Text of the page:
Text: Luke 11:22-26; 8:22-39
Preacher: Pastor Ray
Confidence in the Lord comes when you believe that Jesus is not only ABLE but He is WILLING.
Preacher: Pastor Ray
Do you think that you will keep sinning deliberately until the day you die? Listen as we talk about overcoming the pattern of lowercase “s” sins by repenting of the capital “S” Sin of unbelief.
Preacher: Pastor Ray
Jesus is our Deliverer, our Healer, the Christ and our Lord.
Read Mark 5:1-5. Jesus is our Deliverer.
– If you encountered this man from the Gerasenes possessed by an unclean spirit, what would be your reaction?
– In cases of demonic oppression, do you agree or disagree that we are overly dependent on human institutions and human means at the expense of faith that Jesus can actually deliver us from any type of bondange and stronghold?
– Do you agree or disagree that God’s will for ever demonized person is full deliverance rather than settling for a life of medication, counseling and hospitalization?
– When it comes to God’s will, what do you consider more–your experience or the word of God?
– What is God’s will regarding deliverance?
– This demon saw Jesus, ran to Him and fell before Him. Is there a person or situation that you are trembling before instead of worshiping Jesus?
Read Mark 6:1-6; 53-56. Jesus is our Healer.
– Compare Nazareth with Gennesaret. Why does God seem to heal and deliver in some places and not in others?
Read Mark 8:11-12.
– In Jesus’ ministry, signs of healing and deliverance are happening all over the place, yet to the Pharisee, Jesus says, no sign will be given. Why?
Read Mark 8:22-26.
– Why wasn’t this blind man healed the first time?
– How might we wrongly apply God’s sovereignty when healing doesn’t happen right away?
– What is God’s will regarding healing?
– Is there a single case when Jesus encountered a demonized or sick person and He left them in their condition?
– How should we continue in prayer when you’ve been praying and healing is not coming?
– What does it mean to pray with faith?
Read Mark 8:27-30; 31-33.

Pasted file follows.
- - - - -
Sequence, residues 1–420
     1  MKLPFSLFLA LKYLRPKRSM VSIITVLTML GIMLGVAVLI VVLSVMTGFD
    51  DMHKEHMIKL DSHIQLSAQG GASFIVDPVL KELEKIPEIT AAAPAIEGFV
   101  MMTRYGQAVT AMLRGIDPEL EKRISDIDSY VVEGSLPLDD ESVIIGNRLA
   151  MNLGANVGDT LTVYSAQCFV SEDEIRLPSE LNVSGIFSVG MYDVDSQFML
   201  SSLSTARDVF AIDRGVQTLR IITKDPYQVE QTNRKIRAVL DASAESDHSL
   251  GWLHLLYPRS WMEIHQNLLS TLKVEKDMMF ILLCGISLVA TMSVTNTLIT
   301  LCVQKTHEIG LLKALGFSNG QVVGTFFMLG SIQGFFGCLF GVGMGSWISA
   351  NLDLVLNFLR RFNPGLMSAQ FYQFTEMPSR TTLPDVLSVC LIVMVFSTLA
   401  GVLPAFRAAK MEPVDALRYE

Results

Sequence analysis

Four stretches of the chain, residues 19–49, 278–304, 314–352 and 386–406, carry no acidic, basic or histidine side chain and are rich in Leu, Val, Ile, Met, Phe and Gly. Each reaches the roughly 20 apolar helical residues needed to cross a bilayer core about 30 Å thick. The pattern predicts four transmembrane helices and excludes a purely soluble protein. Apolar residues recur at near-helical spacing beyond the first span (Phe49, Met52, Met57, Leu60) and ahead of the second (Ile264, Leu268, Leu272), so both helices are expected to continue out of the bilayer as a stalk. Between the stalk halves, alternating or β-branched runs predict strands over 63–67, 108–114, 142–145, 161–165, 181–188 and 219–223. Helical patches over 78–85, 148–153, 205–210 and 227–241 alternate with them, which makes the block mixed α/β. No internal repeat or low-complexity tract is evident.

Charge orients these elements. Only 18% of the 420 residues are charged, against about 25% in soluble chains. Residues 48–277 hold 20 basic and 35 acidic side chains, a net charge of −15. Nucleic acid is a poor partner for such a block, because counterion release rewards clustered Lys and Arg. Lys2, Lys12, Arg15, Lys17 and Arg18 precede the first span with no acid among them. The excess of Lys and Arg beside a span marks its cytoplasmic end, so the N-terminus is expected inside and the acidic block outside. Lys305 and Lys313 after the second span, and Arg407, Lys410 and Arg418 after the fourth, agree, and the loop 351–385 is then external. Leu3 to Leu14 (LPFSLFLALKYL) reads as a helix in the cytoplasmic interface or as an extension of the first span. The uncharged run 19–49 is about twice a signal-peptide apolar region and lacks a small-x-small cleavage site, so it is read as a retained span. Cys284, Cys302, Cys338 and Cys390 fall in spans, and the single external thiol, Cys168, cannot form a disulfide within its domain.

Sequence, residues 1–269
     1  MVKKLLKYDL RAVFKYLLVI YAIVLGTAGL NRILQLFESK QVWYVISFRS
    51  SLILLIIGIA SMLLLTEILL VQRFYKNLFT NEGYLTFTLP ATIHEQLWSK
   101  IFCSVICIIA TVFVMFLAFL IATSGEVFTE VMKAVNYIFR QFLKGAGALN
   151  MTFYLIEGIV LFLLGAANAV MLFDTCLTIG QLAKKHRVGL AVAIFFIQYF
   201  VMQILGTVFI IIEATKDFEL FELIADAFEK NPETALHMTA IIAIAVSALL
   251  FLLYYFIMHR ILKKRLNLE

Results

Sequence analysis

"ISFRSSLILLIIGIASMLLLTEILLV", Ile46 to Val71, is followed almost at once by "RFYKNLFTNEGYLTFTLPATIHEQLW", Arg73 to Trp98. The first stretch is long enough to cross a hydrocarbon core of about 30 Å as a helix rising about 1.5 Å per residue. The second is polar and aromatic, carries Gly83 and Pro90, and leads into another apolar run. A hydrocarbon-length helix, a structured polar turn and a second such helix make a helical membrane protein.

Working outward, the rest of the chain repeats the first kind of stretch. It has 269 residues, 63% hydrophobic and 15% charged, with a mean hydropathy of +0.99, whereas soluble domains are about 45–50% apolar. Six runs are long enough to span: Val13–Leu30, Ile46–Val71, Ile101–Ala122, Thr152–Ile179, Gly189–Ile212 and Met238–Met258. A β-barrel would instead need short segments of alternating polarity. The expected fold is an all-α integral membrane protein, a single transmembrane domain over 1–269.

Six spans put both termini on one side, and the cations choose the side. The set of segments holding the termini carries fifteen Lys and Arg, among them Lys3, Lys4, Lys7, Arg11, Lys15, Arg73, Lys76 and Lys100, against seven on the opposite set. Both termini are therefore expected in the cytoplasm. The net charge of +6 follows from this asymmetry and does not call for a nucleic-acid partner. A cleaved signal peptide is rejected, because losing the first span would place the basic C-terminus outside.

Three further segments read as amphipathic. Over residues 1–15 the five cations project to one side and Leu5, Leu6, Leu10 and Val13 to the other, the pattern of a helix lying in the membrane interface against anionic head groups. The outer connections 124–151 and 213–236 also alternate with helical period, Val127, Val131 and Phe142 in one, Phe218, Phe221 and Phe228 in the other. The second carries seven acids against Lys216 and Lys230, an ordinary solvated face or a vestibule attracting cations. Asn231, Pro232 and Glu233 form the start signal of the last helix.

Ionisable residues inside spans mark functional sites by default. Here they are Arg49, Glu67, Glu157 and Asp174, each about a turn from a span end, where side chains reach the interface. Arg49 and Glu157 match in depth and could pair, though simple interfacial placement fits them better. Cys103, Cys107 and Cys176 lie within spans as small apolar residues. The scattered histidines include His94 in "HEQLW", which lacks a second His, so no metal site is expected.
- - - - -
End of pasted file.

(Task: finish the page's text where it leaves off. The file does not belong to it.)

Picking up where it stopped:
– What does it mean that Peter confesses Jesus as the “Christ?”
– Peter rebukes Jesus regarding His sharing about His imminent death. Why does Jesus call this mentality Satanic and very human?
– Why is Peter very much like the partially healed blind man in a spiritual sense?
Read Mark 8:34-38.
– What is the only proper response after you say, Jesus, you are the Christ?
– What is our attitude toward our lives as believers?
– Are you ashamed to live for Jesus? What is the Lord asking you to do that might make you look like a fool in the eyes of the world if you obey?
– Have you surrendered your entire life to Jesus? Surrender and start living for Jesus today.
Preacher: Pastor Ray
Our Heavenly Father wants His children to seek Him so that He can deliver us from deeply rooted sins such as lust and bitterness.
The Lord wants you to seek Him so that He can deliver you from sin. Here are 3 observations from the Psalms:
1) Boastful words overflow from a heart that is proud.
2) Critical words overflow from a heart that is judgmental.
3) Harsh words overflow from a heart that is angry.
Read Psalm 19.
– Are your words and the meditations of your heart acceptable to the Lord?
Read Hebrews 12.
– What is the author of Hebrews accusing his audience of not doing regarding the deep roots of their sins?
– What is the motivation for us to struggle against sin?
– Why do we grow fainthearted in our struggle against sin?
– What makes this struggle against sin bearable?
– What are we actually enduring when we struggle against sin?
– What are 3 goals of the Father’s discipline? [Read Heb 12:10-12]
– Why might we not yield to the Father’s discipline? Consider the warning of Esau.
– What are the consequences for those who refuse the Father’s discipline?
Read 2 Cor 10:3-5.
– How do we fight against deeply rooted sins such as bitterness and lust?
One of the questions we get asked a lot in the biblical counseling movement concerns whether Jesus can heal those with a mental illness. The question is asked by people who are concerned about Scripture’s sufficiency and Jesus’ relevance to deal with the most difficult problems that people face. Before we can answer the question we need to know what we are talking about. That means we need to know what mental illness is.
Defining Mental Illness